From the Ninth to the Eleventh Century

ITALY. The state of Italy during this period has been already partially noticed in the preceding section. From the time of Lothaire, to whom it was nominally assigned as a separate kingdom (843), to that of Otho the Great (964), the country was ravaged by contending tyrants. Between the invasions of the Normans on the one hand, and the claims of the German emperors on the other, it became much distracted, and was ultimately split up into several independent states. Some of these, particularly Venice, Genoa, Pisa, and Florence, became afterwards independent and powerful republics. It was during this period that the foundation of the temporal power of the popes was laid.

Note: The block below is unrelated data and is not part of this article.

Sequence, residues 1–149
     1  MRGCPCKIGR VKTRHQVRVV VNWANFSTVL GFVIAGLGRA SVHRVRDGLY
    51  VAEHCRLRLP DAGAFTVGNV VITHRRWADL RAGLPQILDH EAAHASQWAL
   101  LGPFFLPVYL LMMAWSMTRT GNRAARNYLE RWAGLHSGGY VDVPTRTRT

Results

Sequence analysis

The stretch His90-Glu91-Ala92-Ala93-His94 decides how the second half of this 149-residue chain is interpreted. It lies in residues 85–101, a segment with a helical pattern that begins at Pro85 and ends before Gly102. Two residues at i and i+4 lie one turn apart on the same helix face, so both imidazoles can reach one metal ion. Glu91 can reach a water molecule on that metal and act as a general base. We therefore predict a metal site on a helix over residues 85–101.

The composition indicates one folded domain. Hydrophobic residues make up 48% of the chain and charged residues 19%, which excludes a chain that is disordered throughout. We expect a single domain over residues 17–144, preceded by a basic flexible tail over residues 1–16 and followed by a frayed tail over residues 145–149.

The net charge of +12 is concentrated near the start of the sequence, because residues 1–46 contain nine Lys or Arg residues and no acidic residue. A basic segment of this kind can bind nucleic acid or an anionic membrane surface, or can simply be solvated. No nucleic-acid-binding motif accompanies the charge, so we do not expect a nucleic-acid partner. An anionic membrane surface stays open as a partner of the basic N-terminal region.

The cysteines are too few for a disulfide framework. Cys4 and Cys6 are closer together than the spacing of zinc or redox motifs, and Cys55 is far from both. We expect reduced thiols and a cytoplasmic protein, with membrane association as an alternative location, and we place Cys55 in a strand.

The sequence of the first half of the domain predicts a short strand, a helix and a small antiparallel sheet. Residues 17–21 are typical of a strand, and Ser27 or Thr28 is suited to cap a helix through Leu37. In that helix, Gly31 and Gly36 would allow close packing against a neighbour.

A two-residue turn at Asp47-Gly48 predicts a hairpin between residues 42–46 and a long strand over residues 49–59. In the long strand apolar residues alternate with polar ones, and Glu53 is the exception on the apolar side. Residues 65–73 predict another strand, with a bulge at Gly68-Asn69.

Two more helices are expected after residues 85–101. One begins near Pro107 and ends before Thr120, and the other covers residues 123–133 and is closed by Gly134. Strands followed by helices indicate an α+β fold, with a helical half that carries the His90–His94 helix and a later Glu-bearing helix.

SPAIN. During the period of which we have been treating, Spain seemed less a part of Europe than any other country in it. The greater part of it still continued under the dominion of the Moors, and apparently with advantage. This period,' says Mr. Tytler, from the middle of the eight to the middle of the tenth century, is a most brilliant era of Arabian magnificence. Whilst Haroun al Raschid made Bagdad illustrious by the splendor of the arts and sciences, the Moors of Cordova vied with their brethren of Asia in the same honorable pursuits, and were undoubtly at this period the most enlightened of the states in Europe. Under a series of able princes, they gained the highest reputation, both in arts and arms, of all the nations of the West.' And yet these Eastern conquerors seem to have had their troubles as well as others. A race of powerful nobles among them, as in the other countries of Europe, distracted the country, and made effective government impossible. The Christian part of the population, still possessed of several provinces in the north, might have taken advantage of such a state of things for repossessing themselves of their lost country; but civil dissension was still greater among themselves; and Christian princes readily formed alliances with the Moors, if they saw a prospect of weakening an immediate enemy by that means, forgetting that the common foe still remained to harass them. But the detail of these numerous and petty contentions need not detain us longer; nor does the history of Spain assume any importance till towards the conclusion of the fifteenth century, when the united arms of Ferdinand and Isabella expelled the Moors for ever from the country.